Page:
All confidence in President Davis and the Confederate government had disappeared in Georgia, and a great portion of the people were satisfied that it was, as they expressed it, " the rich man's war, and the poor man's fight," and would no longer lend themselves to the authorities at Richmond. The National army moved steadily forward. At Griswoldsville there was a sharp engagement (Nov. 22, 1864) with a portion of Hardee's troops sent up from Savannah, and several brigades of militia. The Confederates were repulsed with a loss of 2,500 men. Howard could have taken Macon after this blow upon its defenders, but such was not a part of Sherman's plan. The Nationals were attacked at the Oconee River while laying a pontoon bridge, but the assailants, largely composed of Wheeler's cavalry, were defeated.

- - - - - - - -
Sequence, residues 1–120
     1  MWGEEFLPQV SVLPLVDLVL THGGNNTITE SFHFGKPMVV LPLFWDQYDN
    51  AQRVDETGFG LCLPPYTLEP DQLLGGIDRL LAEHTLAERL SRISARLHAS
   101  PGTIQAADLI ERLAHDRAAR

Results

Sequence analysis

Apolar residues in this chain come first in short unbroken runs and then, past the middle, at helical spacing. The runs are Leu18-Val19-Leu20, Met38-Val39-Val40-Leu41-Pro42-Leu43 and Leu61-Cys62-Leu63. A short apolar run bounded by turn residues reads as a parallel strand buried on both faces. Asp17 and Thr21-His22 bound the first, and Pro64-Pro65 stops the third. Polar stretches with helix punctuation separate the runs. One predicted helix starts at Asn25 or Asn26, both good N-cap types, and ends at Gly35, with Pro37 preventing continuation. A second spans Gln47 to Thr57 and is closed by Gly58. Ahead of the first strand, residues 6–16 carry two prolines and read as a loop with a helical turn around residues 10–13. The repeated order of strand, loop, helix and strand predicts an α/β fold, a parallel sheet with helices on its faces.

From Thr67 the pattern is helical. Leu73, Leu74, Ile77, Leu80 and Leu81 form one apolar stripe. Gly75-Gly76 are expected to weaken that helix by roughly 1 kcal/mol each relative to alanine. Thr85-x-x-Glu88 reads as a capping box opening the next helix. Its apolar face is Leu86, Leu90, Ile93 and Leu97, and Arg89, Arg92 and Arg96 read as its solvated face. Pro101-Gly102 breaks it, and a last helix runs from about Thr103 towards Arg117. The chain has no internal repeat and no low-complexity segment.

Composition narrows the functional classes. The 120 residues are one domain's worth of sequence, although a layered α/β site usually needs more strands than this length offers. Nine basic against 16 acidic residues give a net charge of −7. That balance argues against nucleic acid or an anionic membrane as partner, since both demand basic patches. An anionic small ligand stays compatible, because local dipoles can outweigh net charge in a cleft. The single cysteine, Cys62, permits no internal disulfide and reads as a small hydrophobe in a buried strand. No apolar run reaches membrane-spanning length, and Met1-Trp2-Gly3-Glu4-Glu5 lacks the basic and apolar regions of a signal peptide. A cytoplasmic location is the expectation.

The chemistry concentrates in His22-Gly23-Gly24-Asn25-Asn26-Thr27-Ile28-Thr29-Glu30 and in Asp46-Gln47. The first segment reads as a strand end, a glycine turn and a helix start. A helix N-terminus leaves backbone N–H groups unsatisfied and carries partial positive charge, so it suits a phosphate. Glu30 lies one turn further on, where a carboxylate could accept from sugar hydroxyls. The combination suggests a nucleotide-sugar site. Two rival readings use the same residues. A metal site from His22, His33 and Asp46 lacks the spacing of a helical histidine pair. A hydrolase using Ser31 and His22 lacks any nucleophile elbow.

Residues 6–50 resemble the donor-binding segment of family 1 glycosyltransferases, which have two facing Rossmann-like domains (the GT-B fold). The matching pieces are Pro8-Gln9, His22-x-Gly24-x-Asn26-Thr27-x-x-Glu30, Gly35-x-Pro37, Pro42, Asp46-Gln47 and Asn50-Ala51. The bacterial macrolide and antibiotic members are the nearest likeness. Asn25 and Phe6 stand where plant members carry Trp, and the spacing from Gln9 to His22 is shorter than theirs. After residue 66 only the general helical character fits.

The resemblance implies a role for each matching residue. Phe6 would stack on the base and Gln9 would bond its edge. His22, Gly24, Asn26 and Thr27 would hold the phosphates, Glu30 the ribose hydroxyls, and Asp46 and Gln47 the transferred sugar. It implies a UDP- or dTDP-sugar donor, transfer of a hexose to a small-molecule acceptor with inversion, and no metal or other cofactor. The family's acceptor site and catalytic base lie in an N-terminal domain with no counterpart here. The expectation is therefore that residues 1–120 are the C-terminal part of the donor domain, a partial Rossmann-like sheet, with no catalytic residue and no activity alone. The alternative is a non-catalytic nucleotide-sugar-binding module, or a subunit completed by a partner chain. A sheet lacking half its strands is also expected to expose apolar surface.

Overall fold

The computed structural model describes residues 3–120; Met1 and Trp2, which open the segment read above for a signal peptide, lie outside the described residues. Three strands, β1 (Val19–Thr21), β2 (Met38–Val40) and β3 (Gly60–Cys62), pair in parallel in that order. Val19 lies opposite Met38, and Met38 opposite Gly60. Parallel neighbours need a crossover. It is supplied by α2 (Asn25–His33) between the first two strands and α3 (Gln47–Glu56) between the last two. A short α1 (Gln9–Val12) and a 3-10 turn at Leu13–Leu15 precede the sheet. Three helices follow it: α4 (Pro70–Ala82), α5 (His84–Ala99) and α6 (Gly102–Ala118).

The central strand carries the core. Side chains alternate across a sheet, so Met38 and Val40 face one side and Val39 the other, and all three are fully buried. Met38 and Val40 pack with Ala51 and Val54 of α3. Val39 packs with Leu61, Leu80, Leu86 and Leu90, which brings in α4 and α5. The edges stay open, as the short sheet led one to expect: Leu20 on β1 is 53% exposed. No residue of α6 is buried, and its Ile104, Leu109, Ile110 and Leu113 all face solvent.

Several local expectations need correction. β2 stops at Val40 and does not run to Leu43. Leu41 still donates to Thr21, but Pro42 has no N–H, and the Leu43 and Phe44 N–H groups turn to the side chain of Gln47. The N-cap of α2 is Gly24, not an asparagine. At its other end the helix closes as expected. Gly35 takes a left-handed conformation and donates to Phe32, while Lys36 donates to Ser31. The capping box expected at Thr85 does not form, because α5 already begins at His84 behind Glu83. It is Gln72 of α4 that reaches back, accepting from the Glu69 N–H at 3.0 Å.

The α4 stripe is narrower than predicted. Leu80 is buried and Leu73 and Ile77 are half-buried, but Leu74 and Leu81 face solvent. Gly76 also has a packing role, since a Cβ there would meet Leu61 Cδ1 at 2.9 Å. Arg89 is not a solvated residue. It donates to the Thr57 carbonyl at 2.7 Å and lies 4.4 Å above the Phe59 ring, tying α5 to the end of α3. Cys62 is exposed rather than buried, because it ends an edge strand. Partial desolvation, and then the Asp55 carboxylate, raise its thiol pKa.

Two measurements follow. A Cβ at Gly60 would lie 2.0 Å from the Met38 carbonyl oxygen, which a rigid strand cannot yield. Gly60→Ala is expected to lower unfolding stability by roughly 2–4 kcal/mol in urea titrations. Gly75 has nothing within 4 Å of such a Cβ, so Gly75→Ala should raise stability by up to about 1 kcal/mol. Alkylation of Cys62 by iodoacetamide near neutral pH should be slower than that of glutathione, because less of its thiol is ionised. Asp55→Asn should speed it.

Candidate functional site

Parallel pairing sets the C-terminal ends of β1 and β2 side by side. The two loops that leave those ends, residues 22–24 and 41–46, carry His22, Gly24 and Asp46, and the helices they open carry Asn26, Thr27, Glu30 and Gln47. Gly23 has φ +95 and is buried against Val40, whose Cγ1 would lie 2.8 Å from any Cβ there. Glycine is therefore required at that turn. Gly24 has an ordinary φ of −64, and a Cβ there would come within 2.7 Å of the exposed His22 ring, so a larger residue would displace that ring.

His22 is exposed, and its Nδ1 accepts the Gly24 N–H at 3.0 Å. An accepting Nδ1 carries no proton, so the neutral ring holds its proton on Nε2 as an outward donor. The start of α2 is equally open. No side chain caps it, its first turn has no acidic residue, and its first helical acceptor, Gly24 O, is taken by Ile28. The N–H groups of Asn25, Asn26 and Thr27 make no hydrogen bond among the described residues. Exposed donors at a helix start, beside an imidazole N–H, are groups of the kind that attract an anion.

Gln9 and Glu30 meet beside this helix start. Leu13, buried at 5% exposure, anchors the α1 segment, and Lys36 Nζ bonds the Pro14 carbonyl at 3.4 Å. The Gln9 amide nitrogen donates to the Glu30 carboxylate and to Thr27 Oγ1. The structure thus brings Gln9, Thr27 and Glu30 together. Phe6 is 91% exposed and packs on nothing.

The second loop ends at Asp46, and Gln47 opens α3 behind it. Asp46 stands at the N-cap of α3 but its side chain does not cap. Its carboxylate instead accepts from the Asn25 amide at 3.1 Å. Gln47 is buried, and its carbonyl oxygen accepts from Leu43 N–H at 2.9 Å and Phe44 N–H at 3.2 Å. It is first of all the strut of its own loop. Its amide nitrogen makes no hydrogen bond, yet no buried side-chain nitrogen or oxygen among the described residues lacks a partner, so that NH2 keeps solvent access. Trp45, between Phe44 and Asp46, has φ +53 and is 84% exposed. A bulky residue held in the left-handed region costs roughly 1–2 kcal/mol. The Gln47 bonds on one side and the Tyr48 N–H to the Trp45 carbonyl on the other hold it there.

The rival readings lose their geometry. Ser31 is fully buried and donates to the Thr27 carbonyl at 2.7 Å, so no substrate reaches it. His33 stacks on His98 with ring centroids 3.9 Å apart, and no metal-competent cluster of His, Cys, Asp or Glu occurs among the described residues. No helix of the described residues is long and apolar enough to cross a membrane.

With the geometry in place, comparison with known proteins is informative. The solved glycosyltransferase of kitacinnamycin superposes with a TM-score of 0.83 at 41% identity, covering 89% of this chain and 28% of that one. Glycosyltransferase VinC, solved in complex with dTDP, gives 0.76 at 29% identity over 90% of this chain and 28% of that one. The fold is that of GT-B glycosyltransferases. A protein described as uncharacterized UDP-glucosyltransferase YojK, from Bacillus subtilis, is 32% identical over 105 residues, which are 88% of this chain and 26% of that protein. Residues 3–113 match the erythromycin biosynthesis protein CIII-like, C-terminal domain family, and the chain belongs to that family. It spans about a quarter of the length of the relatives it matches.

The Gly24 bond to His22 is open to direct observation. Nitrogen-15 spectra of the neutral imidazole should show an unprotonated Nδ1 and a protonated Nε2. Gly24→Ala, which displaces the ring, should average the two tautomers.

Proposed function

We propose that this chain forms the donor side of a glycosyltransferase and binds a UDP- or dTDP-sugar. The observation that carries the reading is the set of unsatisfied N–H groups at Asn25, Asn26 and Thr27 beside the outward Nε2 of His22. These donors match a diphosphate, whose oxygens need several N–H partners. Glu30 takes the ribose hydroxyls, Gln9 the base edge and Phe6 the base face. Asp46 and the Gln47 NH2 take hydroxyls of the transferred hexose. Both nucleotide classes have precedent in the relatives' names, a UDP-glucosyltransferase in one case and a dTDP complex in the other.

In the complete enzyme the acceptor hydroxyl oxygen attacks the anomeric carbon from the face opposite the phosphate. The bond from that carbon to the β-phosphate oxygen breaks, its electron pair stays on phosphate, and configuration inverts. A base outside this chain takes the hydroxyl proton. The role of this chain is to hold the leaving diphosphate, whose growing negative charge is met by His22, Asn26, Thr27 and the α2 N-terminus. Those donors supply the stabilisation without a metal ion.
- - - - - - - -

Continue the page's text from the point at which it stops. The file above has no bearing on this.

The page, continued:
Kilpatrick made a feint towards Augusta to mislead the Confederates as to Sherman's destination, also to cover the passage of the army over the Ogeechee River, and, if possible, to release Union captives in the prison pen at Millen. Kilpatrick and Wheeler had several skirmishes, but no severe battles. On Nov. 30, Sherman's whole army, excepting one corps, had passed the Ogeechee. This was a most skilful maneuver; and then, having destroyed the principal railways in Georgia over long distances, Sherman was prepared to make a final conquest of the State.

General Sherman's Headquarters


Moving on seaward, the division of Hazen had a severe skirmish (Dec. 4, 1864) at Statesburg, south of the Ogeechee. The Confederates were dispersed. On the same day Kilpatrick fought Wheeler on the railway between Millen and Augusta, drove him from his barricades through Waynesboro, and pushed him 8 miles, while a supporting column of Union infantry under Baird were tearing up the railway and destroying bridges.